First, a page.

FEMS Microbiology Ecology , Volume Advance Article (7) – May 21, 2018

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Blackwell
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© FEMS 2018.
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0168-6496
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1574-6941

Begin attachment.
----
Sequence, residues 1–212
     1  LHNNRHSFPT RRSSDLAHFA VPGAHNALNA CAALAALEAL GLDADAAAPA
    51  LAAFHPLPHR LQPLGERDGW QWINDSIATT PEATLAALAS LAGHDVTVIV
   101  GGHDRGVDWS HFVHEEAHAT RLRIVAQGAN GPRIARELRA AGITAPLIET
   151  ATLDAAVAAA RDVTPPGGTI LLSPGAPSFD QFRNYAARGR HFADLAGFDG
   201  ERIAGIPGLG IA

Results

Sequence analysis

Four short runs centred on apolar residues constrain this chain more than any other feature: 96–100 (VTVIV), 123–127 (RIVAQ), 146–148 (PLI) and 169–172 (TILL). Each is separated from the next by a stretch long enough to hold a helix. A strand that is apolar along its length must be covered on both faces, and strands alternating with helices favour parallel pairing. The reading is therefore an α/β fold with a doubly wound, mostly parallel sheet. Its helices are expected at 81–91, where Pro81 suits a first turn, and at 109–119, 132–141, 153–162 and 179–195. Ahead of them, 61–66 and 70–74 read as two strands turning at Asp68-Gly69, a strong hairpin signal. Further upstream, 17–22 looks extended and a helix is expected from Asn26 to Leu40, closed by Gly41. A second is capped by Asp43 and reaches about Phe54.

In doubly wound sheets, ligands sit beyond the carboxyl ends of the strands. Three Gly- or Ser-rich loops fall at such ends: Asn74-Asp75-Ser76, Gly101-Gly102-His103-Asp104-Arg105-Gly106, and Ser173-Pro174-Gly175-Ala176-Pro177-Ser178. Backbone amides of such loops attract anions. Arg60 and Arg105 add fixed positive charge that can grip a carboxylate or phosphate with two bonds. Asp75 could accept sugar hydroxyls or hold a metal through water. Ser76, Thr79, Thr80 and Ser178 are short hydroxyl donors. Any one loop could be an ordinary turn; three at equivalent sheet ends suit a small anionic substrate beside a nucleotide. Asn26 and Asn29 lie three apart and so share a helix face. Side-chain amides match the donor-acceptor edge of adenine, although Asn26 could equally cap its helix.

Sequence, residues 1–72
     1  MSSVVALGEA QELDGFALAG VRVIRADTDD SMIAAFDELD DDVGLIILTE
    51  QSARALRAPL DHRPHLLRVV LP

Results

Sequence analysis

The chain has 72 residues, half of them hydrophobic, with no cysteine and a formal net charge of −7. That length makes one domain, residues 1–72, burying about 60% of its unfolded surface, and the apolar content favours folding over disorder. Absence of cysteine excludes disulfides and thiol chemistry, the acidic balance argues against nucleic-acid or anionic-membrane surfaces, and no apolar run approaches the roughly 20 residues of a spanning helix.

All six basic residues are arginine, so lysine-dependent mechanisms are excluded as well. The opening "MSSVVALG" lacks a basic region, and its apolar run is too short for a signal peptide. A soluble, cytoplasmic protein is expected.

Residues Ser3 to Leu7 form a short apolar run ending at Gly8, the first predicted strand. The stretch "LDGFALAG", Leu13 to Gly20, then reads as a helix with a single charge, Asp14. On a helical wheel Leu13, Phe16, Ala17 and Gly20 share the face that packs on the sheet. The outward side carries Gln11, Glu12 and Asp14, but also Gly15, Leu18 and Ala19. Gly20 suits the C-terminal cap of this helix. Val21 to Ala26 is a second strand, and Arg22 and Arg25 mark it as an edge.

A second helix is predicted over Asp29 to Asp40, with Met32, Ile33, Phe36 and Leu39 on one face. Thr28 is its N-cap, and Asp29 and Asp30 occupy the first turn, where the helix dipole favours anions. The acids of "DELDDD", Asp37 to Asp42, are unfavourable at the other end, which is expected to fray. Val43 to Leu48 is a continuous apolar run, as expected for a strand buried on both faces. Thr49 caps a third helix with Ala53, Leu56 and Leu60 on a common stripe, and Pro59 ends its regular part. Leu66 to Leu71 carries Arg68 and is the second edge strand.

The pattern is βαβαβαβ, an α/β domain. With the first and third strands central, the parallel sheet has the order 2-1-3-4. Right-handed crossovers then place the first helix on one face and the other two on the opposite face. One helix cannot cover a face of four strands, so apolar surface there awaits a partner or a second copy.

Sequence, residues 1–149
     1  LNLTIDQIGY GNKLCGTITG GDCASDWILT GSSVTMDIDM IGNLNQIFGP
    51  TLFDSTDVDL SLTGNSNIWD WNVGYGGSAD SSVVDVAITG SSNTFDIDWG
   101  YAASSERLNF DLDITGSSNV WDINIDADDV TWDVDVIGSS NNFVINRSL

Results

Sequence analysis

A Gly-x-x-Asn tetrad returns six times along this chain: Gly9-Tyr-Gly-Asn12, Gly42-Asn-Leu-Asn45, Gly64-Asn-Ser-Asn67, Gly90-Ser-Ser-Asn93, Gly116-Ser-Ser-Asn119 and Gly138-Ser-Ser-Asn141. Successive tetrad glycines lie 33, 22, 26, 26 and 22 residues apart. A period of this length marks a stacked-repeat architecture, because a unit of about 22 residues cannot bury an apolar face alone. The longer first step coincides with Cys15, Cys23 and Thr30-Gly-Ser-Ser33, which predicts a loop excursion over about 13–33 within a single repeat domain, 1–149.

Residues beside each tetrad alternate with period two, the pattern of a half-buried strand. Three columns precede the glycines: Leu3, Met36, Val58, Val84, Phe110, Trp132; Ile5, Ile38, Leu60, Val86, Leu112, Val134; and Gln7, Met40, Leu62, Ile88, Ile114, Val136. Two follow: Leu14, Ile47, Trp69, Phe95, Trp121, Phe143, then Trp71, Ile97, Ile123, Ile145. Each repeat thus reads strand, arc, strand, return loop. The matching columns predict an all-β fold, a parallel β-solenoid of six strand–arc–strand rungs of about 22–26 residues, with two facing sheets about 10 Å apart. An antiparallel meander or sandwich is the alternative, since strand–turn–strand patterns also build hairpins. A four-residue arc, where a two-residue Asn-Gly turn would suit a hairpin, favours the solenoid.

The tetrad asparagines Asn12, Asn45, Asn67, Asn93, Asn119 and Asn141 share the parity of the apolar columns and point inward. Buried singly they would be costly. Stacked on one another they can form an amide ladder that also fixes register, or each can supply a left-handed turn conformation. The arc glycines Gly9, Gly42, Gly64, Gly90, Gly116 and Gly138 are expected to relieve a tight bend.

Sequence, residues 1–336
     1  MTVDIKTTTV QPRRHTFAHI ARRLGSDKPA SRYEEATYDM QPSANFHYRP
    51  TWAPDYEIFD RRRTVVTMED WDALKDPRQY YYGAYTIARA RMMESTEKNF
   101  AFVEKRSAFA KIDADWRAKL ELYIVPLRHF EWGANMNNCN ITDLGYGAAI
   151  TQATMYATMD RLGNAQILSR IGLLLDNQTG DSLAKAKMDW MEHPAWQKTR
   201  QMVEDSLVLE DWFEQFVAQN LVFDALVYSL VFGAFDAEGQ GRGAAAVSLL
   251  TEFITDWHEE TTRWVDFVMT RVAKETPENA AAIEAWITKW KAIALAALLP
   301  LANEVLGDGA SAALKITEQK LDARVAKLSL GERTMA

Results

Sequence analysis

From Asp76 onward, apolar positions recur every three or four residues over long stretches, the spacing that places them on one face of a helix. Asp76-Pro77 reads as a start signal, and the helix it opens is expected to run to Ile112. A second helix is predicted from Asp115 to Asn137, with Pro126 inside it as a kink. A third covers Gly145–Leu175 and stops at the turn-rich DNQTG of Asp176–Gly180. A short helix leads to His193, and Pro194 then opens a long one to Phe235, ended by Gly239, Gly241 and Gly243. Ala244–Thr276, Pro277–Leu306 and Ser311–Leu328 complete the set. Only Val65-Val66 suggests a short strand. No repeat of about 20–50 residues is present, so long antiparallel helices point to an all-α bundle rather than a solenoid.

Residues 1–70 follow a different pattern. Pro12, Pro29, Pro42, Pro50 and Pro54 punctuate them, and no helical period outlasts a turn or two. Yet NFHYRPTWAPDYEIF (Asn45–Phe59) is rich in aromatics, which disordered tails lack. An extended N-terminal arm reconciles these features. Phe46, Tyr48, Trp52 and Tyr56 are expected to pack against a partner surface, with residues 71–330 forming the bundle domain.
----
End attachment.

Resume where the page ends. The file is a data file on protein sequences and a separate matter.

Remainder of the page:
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10.1093/femsec/fiy086
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Abstract